Monday, June 8, 2020

Vinegar for the Home, Garden and Barn

Vinegar is such a great pantry staple. I'm willing to bet you've never walked into a home that didn't at least have a small bottle on hand in the kitchen. It's not just for canning goods in the fall but an all-season asset. Here I will go over a few of my most frequently used vinegar hacks. 

                                                            For the Kitchen

Have you ever wished your fruits and vegetables from the store would just last a little longer? Or can't seem to get all of the residue off from your grapes? You can do a vinegar rinse right in your kitchen sink. I don't do it nearly as often as I should. A while ago I was eating grapes and couldn't understand why they had such a bitter taste even after I had rinsed them off and I began looking at them a little closer and saw a film on them that I could wipe off with a paper towel. Once that film was gone the grape tasted sweet and delicious like it should. But what was that film? It was pesticides. Ew. I started looking up the easiest way to remove it because although it was great fun to use my whole lunch break to wipe off every individual grape I just simply don't have that kind of time. That's when I found out about vinegar rinsing fruits and vegetables and try to mention it whenever I find an opening and my wonderful sister set the stage for me yesterday for my biggest audience yet regarding vinegar rinsing your fruits. So here's how.

As soon as you get home from the grocery store fill part of your sink with room temperature or luke warm water. The amount of water should be enough to cover your fruits and veggies and will vary with how many you have. I typically fill my sink a third of the way and use one and a half cups of white distilled vinegar. Let them sit for 15 minutes and drain your sink and set them on a drying mat or towel to dry. Once they are completely dry put them in the refrigerator and store as normal. It is that simple. Here are some photos of the process from when Allison used this technique. 

Your fruits will float and that is okay make sure to just swirl them around a bit to get all of the sides. The vinegar breaks down residues and pulls them away from surfaces so they are easily washed off. Rinsing after soaking isn't necessary unless you feel you have used to much vinegar, as a general rule of thumb if my hands smell like vinegar when taking them out of the water I've used too much and would want to rinse them after draining the sink. Not only does this take residues off from your fruits but will clear your vegetables of aphids that may be lingering in the creases or leaves as aphids despise vinegar. This will also preserve the life of your fruits and vegetables as vinegar is used for food preservation. 

As an added bonus when your sink is now empty go ahead and generously sprinkle some baking soda into and around the drain and pour the vinegar into your drain and it will fizz and break down anything caught up in the sink tubes and clear it away I do this about once a month or after we clean fish in the sink. I sprinkle the whole bottom of the sink and rinse it out with vinegar to get rid of any lingering smells.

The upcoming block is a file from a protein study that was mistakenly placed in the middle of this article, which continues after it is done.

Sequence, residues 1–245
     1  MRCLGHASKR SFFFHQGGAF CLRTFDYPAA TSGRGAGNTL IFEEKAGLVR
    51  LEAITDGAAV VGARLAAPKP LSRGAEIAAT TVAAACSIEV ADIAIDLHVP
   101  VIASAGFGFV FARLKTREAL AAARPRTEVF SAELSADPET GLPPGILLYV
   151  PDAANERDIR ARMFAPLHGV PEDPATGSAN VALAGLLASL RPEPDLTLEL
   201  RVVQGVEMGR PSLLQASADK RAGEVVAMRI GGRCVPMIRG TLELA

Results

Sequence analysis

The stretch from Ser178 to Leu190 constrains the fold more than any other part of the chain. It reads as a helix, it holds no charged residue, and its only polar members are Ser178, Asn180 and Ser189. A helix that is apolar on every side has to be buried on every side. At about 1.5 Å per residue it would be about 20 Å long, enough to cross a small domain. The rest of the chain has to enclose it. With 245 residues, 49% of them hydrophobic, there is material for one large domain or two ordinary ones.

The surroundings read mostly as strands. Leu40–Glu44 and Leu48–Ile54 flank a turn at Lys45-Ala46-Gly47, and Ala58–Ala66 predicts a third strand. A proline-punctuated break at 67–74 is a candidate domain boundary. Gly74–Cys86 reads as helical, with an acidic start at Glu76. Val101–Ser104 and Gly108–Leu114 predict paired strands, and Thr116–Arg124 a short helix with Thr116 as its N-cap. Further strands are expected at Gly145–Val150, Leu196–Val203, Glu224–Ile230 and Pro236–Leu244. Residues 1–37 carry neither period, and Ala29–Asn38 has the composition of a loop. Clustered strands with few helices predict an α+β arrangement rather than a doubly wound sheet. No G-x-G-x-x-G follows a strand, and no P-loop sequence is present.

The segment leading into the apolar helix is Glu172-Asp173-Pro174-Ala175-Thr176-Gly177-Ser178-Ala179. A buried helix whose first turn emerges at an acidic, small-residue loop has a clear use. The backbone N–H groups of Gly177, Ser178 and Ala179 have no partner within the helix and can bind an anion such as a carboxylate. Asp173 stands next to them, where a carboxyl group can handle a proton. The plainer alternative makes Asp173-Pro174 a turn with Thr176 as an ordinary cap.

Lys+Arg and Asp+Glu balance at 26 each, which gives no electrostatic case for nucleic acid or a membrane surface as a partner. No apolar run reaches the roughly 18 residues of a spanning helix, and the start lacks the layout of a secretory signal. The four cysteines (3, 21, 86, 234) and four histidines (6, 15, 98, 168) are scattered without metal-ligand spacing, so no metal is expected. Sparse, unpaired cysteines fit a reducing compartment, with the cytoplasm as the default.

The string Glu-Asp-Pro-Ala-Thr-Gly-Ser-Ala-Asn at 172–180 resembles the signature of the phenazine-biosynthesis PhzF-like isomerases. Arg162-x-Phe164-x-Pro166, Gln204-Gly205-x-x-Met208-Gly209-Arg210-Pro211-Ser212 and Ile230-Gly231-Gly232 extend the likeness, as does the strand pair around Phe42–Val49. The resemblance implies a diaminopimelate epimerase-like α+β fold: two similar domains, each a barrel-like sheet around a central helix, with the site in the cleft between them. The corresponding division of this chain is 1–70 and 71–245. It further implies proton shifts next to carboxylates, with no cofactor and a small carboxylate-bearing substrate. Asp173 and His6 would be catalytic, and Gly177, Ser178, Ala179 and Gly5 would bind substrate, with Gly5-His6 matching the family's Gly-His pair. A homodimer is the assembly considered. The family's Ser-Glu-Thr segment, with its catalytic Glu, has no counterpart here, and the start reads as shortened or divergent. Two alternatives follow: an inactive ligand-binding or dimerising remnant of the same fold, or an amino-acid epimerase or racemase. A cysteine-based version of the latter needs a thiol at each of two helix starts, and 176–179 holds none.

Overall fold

Vinegar for the Garden

As mentioned in the Kitchen, aphids hate vinegar and that's the moral of this story. If you find that your cucumbers or squash (most susceptible to aphids in my experience) are being chewed up by bugs or something you can't see then this is a great way to reclaim your garden in a pinch. It does not work as well as store bought insecticides or fungicides etc but it works none the less. 

The top photo is when my mom finally told me something was eating her Gold Rush Squash (I mention the exact species of squash as it is labeled on sites as disease resistant and it is notable to understand the difference between plant diseases and when you have an infestation of insects). The second photo is after two weeks of using a vinegar mix on the plants to kill the aphids. For this mixture you will use 3 parts water and 1 part vinegar in a spray bottle and apply to dry leaves. Do not apply before watering as you will rinse it all off. The best practice would be to water your garden and apply to the affected plants when their leaves are dry. You will need to reapply after it rains as well because again it has been rinsed off. 

                                                                In the Barn

I recently joined a few pages on Facebook regarding homesteading and backyard sustenance and on one for backyard meat rabbits there was discussion on Apple Cider Vinegar (ACV). Although there is no documented evidence to support the claims made I have tried ACV on my own livestock and have noticed a remarkable difference. Not only has the smell in the barn subsided from the rabbits as their urine can be extremely potent but the chickens have started to show great improvements with their digestion. They went from being visibly fat to a more lean and healthy appearance within a few days of using ACV. The claim with ACV is that is aids in digestion and immune health. When using ACV it is the same concept as your fruit rinse. If you can smell it in the water its too much. When filling a 3 gallon pail with water I will add MAYBE half a cup of ACV as well and then fill the animals water containers. I use this method for the rabbits, turkeys and chickens- both meat and layers and have definitely noticed a positive impact. 

I hope you found at least one of these uses helpful to you! Feel free to share your own experiences and photos in the comments on my website!